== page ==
Just as we were about to leave the house to get our packages, which I had arranged for FedEx to hold at their facility, a truck drove up with them. Saved. No need to stand on line forever only to learn that the boxes were out for delivery. But what about Stellar? We decided to go anyway, taking “local roads all the way south, through the snow and slush and mess, hitting Pioneer Square, driving past Qwest Field and Safeco Field, and then getting a tour of all the industrial enterprises along Airport Way. Finally, we came to the long viaduct that takes cars over the dozen or more train tracks, came down to ground level, and were at Stellar, squeezed in between the tracks and I-5. And it was closed. Closed December 24, 25, 26. Sigh.” We waited 17 months, and now we would have to wait still longer.

Well, here we are, five months later to the day, and for the first time since that disappointing day, we had business in Georgetown. Bert and Toth Construction are back in our lives, thanks to our latest remodel, just starting its third month. And we arranged to meet Todd, our architect, at Pental Granite & Marble in Georgetown this morning to look at slabs for our bathroom countertop. From Pental we went to another stone place nearby, and then back to Pental to make our final selection. We were done a little after 11, with Stellar nearby. We didn’t even realize how close we were. Three short blocks, then the far side of a small city park, and there it was, just the other side of the train tracks, squeezed between the tracks and Airport Way. They open at 11:00 and we weren’t even the first ones there for lunch. I looked at the menu to make sure the meatball sandwich was still there, which it was, and so I ordered it, with a side salad.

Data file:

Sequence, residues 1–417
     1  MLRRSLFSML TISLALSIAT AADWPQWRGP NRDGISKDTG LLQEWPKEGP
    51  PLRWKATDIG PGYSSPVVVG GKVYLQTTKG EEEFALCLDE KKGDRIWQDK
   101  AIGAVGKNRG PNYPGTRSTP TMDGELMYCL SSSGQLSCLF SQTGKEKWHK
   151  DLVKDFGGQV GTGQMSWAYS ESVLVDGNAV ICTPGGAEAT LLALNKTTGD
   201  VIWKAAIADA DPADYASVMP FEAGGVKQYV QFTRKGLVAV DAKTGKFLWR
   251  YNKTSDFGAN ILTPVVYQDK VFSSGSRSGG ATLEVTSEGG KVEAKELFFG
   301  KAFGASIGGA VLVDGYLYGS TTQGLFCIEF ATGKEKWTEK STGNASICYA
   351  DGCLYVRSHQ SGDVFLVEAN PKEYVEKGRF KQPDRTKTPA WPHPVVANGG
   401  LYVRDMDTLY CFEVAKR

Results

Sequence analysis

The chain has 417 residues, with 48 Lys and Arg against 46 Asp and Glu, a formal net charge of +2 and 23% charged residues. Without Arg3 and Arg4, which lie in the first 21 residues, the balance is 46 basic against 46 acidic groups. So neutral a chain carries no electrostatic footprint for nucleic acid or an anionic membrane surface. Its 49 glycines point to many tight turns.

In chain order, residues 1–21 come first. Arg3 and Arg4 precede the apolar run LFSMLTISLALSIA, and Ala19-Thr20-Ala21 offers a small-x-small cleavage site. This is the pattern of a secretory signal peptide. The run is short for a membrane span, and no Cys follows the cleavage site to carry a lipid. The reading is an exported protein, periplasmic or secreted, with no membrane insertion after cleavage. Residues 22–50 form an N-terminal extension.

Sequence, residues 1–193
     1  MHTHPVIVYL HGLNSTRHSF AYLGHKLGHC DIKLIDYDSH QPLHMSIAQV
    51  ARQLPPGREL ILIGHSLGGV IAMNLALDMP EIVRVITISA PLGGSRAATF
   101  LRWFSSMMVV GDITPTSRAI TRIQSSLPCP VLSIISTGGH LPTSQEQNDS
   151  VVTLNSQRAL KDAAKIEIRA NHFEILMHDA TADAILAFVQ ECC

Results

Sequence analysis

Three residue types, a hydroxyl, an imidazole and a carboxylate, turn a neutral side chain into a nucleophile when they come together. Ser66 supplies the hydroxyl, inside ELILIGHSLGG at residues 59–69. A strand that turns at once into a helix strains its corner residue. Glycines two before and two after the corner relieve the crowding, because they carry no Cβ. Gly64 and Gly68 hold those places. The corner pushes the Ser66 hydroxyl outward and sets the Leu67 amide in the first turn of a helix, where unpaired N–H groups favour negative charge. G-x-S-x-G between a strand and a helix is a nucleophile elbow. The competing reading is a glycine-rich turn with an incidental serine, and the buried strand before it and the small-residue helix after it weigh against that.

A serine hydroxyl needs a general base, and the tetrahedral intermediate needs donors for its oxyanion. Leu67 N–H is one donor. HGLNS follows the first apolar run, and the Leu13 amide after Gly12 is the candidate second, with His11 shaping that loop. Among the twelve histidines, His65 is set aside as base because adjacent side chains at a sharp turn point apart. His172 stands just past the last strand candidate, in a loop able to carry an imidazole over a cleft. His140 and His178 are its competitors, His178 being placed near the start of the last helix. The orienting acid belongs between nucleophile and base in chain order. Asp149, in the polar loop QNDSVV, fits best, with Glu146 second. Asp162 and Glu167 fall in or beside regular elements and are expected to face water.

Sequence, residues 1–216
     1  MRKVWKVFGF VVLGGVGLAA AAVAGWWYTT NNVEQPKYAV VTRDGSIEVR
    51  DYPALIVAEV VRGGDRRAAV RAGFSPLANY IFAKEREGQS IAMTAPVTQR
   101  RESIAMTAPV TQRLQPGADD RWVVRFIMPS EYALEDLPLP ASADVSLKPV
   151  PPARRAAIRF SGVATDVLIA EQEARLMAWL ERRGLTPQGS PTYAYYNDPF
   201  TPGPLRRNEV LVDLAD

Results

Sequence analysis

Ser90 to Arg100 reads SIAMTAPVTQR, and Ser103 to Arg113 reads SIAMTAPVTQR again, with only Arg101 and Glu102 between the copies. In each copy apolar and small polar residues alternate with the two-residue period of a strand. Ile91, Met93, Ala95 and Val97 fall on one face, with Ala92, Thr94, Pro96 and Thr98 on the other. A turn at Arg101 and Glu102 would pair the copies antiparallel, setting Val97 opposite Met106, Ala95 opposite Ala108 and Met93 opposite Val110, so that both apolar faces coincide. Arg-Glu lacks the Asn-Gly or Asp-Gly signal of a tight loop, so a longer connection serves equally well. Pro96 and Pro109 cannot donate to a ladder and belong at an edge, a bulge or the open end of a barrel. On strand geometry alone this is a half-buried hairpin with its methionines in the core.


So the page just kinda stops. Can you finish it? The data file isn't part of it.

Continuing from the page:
The verdict? Simple. It’s the best meatball sandwich I have ever had in Seattle. I’ve tried quite a few. None compare. Joel, I’m sorry you missed out. Come back home and we’ll go again.

Categories: Today's News

Suu Kyi Arrested

May 14, 2009 Leave a comment

suukyi

I would have missed this article in the back of the World section of today’s NYT had the New Yorker’s George Packer not posted a note about the issue at his blog today. The gist of the story is that Aung San Suu Kyi, the winner of the 1991 Nobel Peace Prize, has been arrested, thanks to the bizarre behavior of an American named John William Yettaw, who swam across a lake to the Kyi’s home, where she is under house arrest, eluded guards, and insisted that she let him in. She pleaded with him to leave, so she would not be in violation of the terms of her house arrest, but he insisted on coming in, and spent the night. He was picked up the next day as he was swimming back across the lake, and now she has been arrested, just weeks before her house arrest was supposed to come to an end.

George Packer is as familiar as any American journalist with life in Burma today. He visited last June and wrote a superb piece in last August about the trip. Here’s what he wrote today about the incident and Suu Kyi’s arrest:
Read more…

Categories: Today's News